Page:Notes on the churches in the counties of Kent, Sussex, and Surrey.djvu/188

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148
NOTES TO KENT.

the nearest to Sellinge at present, but is annexed to Aldington in (Val. Eccl.), and therefore is probably the chapel named with Aldington in (A.D. 1291).—Brass : John Bernys, and wife, 1440. (Hasted.)

285. Sentlinge.—According to (Hasted) this name applies to a manor in South, now called St. Mary, Cray ; which parish therefore, if Hasted's opinion is well founded, possessed a church in the eleventh century, and, if so, most probably on the spot occupied by the present building, though it is here described under another name.

286. Sevenoaks.—See the Note on Rochester for an early allusion to this church, where the name is spelled "Seouenaca." (Val. Eccl.) describes the chapel of St. John in this parish, "capella Sancti Johannis ibidem;" but where it stood I know not. Also in the same record under "Senock" the parks of Otford and Knowle are mentioned. Tanner says, that William Sennock, who, when an infant, had been exposed in the street of this place, whence his name, became Lord Mayor of London, and, A.D. 1418, founded a hospital and a free-school here; with the addition to this account, that there was in the place a more ancient hospital, dedicated to St. John Baptist. (Monast. VI, 765.)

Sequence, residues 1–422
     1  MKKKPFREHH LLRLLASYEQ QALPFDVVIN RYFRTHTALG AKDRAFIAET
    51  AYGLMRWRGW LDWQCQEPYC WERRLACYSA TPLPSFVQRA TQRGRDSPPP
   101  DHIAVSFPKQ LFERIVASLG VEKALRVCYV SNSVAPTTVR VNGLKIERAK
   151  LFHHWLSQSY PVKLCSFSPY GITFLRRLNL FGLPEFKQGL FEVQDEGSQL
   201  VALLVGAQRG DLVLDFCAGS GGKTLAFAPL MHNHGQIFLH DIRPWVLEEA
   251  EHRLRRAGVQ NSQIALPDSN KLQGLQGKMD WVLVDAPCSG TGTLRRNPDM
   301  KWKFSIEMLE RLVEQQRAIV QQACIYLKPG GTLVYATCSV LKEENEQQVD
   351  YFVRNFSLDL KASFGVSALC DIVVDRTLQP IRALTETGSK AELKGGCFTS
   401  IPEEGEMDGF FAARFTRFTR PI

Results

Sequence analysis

287. Sevington.—(Hasted) takes no notice of the Domesday description of "Seivetone," which occurs in a short paragraph, comprising besides only the names of Estefort and Essetesford (Ashford) in two portions, and Essella (Eastwell ?): whence it may be inferred, that he did not know to what place to apply the passage. On full consideration I would assign it to Sevinton, not simply from the similarity of the names (and certainly they sound, though they may not read, much alike), but also from the evident connection of " Seivetone" with Ashford, from which town Sevington is distant only two miles. I have therefore attributed the Domesday name and church to Sevington. "A priest" likewise is specified in this manor, which contained "a mill of tenpence" (therefore stood upon a small stream) "and eight acres of meadow.—Ibi æcclesia, et presbyter, et unum molinum de x denariis, et viii acræ prati." (D.B.)

287. Sheldwich.—In addition to what was said in the Note on Luddenham I would suggest, that the two names "Cildresham" and "Shildriceham" may mean the same place, the variation being not greater than constantly occurs in (D.B.); and after attentively regarding the manner, in which these names are